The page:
A number of variables can affect the tax-deductible portion of your college tuition and fees. It may depend on whether your college tuition and fees are qualified, the amount of income you report and whether your tuition costs exceed the maximum deduction. Since there's more than one way to write off tuition, the deduction you choose can also change how much you'll save.
College tuition and fees are usually a student's most substantial expenses. However, you might be able to deduct other school-related costs when claiming the tuition and fees deduction. The Internal Revenue Service only allows you to include qualified education expenses when calculating the deduction. Qualified education expenses always cover tuition and activity fees. If the college requires you to buy books, supplies or course materials directly from the school as a condition of enrollment, these costs are qualified as well. Note, however, that if the college you attend is unable to take part in the federal student aid program, none of your school expenses are qualified.
The most you can deduct in qualified tuition and fees is $4,000 per year. In other words, if your college charges $10,000 in tuition, 40 percent, or $4,000, is the most you can deduct. You may have to reduce your deduction substantially -- even if you paid more than enough to take the maximum deduction -- if your modified adjusted gross income (MAGI) is more than $65,000, or more than $130,000 if you're married and filing a joint return. Unless you live and work in a foreign country and claim the foreign earned income exclusion or a related tax benefit, your MAGI is the same as the adjusted gross income (AGI) reported on your return before taking the tuition deduction into account.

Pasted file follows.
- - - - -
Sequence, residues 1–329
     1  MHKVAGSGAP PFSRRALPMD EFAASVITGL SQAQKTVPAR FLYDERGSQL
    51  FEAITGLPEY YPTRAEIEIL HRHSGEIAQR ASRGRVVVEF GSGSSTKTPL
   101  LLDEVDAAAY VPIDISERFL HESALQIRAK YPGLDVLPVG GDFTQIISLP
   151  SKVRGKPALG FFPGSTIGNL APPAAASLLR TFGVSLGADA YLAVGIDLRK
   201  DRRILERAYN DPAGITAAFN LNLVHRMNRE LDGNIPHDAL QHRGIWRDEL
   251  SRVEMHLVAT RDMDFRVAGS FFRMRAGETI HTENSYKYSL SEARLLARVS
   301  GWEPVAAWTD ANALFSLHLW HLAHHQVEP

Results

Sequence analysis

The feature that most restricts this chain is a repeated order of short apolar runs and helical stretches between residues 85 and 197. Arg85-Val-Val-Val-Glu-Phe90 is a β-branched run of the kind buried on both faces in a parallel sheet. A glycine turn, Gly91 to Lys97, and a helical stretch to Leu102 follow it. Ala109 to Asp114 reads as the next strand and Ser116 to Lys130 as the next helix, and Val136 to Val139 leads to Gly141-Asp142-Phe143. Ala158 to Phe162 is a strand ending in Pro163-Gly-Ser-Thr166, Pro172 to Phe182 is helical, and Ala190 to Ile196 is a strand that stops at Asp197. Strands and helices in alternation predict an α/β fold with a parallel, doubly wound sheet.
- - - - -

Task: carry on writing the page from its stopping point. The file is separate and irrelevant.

You may have to cut the deduction even further for any tax-free assistance you receive, such as Pell Grants, fellowships and private scholarships. For example, if you paid $4,000 in qualified tuition with a $1,000 Pell Grant and $3,000 in student loans, the most you can deduct is $3,000. Tax-free assistance also covers tuition reimbursements from an employer if the amount isn't taxed as wages or subject to tax withholding.
If you enroll in college to maintain or improve skills relevant to your current profession or to satisfy a condition of employment, more of your tuition costs might be deductible. When you take the work-related education deduction on the IRS Schedule A form, your tuition, fees, commuting expenses and the cost of buying books, supplies and equipment for your courses -- whether required or not -- are deductible. Although there's no dollar limit, the total of your work-related college tuition plus all other job-related and miscellaneous expenses you report on Schedule A is reduced by 2 percent of your AGI to arrive at the amount you'll be able to deduct.
Michael Marz has worked in the financial sector since 2002, specializing in wealth and estate planning. After spending six years working for a large investment bank and an accounting firm, Marz is now self-employed as a consultant, focusing on complex estate and gift tax compliance and planning.